I was left to wonder how smart are the Crows. Did the first Crow actually tell the second one about the Merlin, and then request its help? Did they discuss a plan of attack? or Do they just naturally surround the object of their disaffection? Could a male Merlin, at potentially only one third the weight of a Crow, actually harm a Crow? If not, why was the Crow so determined to move Merlin on its way? Could it be that the Crow saw the Merlin as a superior competitor who might deplete the potential prey in its territory?

One of the great joys of observing nature is the unending opportunities to learn. We may never completely understand the life forms around us. However, as we slowly chip away at the challenge, step-by-step, we increase our understanding of what it means to live in harmony with nature.

Have a great day on Union Bay...where nature lives in the city!

Larry

Going Native:

Without a well-funded Environmental Protection Agency, it falls to each of us to be ever more vigilant in protecting our local environments. Native plants and trees encourage the largest diversity of lifeforms because of their long intertwined history with our local environment and native creatures. I have been told that even the microbes in the soil are native to each local landscape. My hope is that we can inspire ourselves, our neighbors and local businesses to respect native flora and to support native wildlife at every opportunity. I have learned that our most logical approach to native trees and plants (in order of priority) should be to:

1) Learn and leave established native flora undisturbed.
2) Remove invasive species and then wait to see if native plants begin to grow without assistance. (If natives plants start on their own, then these plants or trees are likely the most appropriate flora for the habitat.)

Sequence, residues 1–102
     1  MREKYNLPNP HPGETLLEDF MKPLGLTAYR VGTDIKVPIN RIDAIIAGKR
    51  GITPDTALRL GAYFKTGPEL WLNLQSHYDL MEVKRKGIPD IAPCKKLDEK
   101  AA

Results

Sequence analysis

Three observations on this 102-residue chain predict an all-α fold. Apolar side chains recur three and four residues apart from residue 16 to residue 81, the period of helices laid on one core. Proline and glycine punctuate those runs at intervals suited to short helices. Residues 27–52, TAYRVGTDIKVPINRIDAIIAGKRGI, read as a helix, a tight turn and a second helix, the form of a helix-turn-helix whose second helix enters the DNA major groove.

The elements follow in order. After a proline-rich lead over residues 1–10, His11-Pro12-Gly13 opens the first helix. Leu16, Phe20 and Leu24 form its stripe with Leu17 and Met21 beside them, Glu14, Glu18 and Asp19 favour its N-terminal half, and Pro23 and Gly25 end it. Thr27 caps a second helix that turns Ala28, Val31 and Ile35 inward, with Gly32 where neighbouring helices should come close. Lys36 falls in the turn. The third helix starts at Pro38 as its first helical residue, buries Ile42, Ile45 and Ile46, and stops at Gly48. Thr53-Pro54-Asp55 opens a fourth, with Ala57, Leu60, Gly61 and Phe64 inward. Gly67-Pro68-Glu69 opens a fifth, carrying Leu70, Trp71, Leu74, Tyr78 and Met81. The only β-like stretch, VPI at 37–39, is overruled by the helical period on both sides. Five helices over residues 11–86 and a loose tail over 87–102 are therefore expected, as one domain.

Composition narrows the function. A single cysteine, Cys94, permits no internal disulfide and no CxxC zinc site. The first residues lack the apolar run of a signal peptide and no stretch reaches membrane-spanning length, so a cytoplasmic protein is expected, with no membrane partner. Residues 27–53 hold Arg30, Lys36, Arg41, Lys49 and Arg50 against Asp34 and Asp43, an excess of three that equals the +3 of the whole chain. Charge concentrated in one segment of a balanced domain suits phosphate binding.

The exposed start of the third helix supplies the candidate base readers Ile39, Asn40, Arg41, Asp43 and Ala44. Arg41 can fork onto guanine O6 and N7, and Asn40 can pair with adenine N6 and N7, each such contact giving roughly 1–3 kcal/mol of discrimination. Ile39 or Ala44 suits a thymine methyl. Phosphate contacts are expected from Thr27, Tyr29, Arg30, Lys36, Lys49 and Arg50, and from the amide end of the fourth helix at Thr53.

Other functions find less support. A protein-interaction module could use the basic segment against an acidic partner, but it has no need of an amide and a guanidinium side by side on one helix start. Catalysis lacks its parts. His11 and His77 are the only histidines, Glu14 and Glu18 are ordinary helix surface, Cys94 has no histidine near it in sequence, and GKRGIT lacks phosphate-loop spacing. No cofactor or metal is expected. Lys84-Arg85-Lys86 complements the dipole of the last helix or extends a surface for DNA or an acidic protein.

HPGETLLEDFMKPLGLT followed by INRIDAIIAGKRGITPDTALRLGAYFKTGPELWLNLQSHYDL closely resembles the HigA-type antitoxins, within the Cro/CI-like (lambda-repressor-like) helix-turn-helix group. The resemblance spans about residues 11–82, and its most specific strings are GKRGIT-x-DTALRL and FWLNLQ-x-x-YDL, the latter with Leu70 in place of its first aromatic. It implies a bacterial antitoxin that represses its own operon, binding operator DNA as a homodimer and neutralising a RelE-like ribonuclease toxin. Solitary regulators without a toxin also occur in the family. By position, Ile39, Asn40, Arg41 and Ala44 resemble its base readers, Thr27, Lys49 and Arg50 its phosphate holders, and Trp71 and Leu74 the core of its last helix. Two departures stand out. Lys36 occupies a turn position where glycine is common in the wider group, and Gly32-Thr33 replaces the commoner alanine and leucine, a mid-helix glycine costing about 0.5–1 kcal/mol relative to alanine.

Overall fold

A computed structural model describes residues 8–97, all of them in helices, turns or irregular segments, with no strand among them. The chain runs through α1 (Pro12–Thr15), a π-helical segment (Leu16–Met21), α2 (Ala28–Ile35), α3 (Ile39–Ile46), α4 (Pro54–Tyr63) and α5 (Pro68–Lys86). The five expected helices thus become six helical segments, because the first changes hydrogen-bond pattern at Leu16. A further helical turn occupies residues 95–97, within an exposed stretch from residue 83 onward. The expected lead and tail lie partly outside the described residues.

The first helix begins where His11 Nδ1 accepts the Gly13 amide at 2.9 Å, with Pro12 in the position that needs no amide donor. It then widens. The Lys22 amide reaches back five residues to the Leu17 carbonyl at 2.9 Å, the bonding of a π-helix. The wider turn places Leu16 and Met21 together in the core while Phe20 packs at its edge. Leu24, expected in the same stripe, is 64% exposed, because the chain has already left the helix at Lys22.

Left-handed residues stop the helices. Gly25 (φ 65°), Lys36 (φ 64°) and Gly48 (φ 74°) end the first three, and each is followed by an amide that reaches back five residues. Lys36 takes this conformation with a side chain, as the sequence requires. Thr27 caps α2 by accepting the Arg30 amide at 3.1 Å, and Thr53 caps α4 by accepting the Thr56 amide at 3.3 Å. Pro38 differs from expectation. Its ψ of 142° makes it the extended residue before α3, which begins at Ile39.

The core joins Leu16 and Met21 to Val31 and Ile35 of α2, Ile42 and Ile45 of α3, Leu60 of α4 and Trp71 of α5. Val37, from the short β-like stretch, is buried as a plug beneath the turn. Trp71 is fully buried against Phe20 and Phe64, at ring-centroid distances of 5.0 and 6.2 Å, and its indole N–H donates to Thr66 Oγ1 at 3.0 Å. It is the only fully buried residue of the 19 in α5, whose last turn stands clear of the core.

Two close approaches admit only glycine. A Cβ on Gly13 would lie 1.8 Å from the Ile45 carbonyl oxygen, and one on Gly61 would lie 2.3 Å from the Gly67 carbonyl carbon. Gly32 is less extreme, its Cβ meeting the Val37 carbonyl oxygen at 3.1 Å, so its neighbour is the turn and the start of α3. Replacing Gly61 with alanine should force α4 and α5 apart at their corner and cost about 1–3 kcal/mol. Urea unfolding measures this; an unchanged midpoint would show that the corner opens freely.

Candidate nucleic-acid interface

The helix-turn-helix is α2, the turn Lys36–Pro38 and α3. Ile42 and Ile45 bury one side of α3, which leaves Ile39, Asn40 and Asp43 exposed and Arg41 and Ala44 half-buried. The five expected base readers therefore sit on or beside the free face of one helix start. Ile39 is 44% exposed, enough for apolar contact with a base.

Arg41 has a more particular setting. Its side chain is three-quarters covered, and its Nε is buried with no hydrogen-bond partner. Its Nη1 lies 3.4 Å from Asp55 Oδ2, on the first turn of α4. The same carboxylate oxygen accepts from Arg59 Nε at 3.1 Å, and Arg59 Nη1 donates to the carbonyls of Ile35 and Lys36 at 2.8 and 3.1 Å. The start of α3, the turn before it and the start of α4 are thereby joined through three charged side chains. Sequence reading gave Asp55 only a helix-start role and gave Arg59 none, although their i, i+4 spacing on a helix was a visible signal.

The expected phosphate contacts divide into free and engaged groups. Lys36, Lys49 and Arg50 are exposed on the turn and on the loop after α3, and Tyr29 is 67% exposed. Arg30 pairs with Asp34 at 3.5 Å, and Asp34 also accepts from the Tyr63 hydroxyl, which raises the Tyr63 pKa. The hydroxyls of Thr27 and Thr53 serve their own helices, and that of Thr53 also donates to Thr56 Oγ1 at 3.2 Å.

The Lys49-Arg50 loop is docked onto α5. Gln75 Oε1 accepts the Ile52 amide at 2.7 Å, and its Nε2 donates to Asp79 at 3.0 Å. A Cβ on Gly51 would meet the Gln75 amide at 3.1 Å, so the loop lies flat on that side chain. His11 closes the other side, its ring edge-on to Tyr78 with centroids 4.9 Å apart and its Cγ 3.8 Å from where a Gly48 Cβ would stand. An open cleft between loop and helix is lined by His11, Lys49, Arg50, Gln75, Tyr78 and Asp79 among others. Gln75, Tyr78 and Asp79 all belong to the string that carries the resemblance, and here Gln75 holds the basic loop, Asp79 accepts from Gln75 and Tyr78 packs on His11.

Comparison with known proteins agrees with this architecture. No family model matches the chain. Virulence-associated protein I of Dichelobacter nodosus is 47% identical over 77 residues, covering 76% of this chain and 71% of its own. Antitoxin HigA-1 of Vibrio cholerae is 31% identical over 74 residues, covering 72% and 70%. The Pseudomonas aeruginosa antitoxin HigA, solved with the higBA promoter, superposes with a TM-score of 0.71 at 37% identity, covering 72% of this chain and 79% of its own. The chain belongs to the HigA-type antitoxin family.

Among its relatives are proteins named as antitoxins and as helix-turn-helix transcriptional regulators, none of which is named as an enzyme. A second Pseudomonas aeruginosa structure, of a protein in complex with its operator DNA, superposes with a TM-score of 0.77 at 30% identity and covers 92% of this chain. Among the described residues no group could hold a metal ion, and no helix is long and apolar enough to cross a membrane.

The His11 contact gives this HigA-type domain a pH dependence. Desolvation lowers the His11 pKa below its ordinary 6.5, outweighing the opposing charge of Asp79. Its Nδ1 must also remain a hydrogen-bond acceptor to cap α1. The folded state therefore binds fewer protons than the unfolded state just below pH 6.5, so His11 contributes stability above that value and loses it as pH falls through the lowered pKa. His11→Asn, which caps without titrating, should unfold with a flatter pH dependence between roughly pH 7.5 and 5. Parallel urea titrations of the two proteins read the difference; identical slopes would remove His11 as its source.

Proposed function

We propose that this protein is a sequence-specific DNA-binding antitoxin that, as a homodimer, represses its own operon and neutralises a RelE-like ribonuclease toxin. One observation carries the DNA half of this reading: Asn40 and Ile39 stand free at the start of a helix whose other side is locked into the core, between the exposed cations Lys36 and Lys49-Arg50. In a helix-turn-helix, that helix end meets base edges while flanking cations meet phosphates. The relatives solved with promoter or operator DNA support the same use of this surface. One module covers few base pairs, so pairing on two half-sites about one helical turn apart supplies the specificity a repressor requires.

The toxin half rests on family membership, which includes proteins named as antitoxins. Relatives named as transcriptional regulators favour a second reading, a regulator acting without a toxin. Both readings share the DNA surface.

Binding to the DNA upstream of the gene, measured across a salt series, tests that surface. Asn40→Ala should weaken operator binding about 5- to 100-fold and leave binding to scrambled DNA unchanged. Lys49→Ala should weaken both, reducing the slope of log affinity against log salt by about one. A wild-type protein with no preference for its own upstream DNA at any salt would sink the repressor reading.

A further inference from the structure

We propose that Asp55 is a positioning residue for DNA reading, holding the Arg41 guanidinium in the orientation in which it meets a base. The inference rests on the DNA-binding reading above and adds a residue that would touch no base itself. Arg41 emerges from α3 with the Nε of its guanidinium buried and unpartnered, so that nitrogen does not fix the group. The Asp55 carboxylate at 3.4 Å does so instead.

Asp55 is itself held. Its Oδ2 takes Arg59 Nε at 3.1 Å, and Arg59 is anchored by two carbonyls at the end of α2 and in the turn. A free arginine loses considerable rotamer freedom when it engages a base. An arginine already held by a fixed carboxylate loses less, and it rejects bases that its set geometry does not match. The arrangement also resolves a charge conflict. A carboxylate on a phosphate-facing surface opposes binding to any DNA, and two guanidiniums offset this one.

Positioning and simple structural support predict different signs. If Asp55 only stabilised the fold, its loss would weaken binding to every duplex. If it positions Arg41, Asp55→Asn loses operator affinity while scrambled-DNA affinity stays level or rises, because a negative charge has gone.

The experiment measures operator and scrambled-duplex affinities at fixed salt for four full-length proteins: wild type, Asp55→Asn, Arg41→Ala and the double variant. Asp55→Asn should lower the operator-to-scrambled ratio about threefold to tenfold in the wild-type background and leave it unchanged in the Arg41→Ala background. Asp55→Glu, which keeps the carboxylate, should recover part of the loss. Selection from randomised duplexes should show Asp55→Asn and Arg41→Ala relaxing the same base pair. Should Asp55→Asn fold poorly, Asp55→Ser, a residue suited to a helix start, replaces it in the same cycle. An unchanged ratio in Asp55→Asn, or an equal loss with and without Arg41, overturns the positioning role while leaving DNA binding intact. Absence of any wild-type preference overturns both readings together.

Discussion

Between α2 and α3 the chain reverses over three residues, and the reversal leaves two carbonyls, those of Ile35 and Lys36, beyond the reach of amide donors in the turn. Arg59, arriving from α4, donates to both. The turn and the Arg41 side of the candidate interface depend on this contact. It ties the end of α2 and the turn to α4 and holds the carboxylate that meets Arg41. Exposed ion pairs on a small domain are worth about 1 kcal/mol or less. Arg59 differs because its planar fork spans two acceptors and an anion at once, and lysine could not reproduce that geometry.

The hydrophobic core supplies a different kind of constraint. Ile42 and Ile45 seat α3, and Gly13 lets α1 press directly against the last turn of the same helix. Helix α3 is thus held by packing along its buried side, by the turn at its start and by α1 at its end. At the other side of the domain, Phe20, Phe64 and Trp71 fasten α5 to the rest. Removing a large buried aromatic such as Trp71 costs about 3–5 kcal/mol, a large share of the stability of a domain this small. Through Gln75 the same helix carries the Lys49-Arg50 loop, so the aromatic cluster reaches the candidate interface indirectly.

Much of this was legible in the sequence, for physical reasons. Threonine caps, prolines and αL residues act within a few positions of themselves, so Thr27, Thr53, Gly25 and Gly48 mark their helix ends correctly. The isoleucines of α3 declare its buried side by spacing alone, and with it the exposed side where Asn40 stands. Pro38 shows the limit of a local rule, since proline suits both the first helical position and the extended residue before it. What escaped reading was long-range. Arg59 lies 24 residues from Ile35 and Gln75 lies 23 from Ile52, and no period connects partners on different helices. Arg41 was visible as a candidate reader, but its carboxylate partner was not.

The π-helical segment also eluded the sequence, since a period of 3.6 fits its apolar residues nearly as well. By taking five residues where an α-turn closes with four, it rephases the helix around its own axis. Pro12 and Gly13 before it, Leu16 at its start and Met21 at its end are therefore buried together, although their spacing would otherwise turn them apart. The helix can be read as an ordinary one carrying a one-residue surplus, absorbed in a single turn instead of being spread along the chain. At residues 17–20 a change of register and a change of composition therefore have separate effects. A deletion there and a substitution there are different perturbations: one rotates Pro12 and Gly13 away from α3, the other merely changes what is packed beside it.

3) Scatter seeds from nearby native plants in a similar habitat.
4) If you feel you must add a new plant then select a native plant while considering how the plant fits with the specific habitat and understanding the plant's logical place in the normal succession of native plants.

My intention in my weekly post is to include at least one photo each week and visually challenge us to know the difference between native and non-native lifeforms.





What species is this? Is it native to Union Bay?














Scroll down for the answer.










***************










Great Horned Owl: The largest owl in North American. 

(Update: I should have said the largest owl, except for the Snowy Owl, and the most widespread. Thank you, Alan, for your thoughtful help!)

It is basically, native to the whole continent. On January first, it (the Great Horned Owl) was certainly worthy of being surrounded by a scared murder of crows. The calls of the crows led me to the owl like the auditory equivalent of a flashing neon sign.














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The Email Challenge:

Over the years I have had many readers tell me that Google is no longer sending them email announcements regarding my posts. Even more frustrating when they go to 're-sign-up', hoping that will enable them to once again start receiving the announcements, they get a message which says 'Sorry, you are already signed up.' Google has not responded to my requests for help with this issue. 

My functional workaround is to set up my own email list and each week I manually send out a new post announcement. If you are experiencing the issue and would like to be added to my personal email list please send me an email requesting to be added. Thank you for your patience!


My email address is LDHubbell@comcast.net






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Sunday, December 23, 2018

Irresistible

The sparkling red and gold reflections radiating from this male Anna's Hummingbird certainly make it alluring, enticing and nearly irresistible. I find it hard to look away.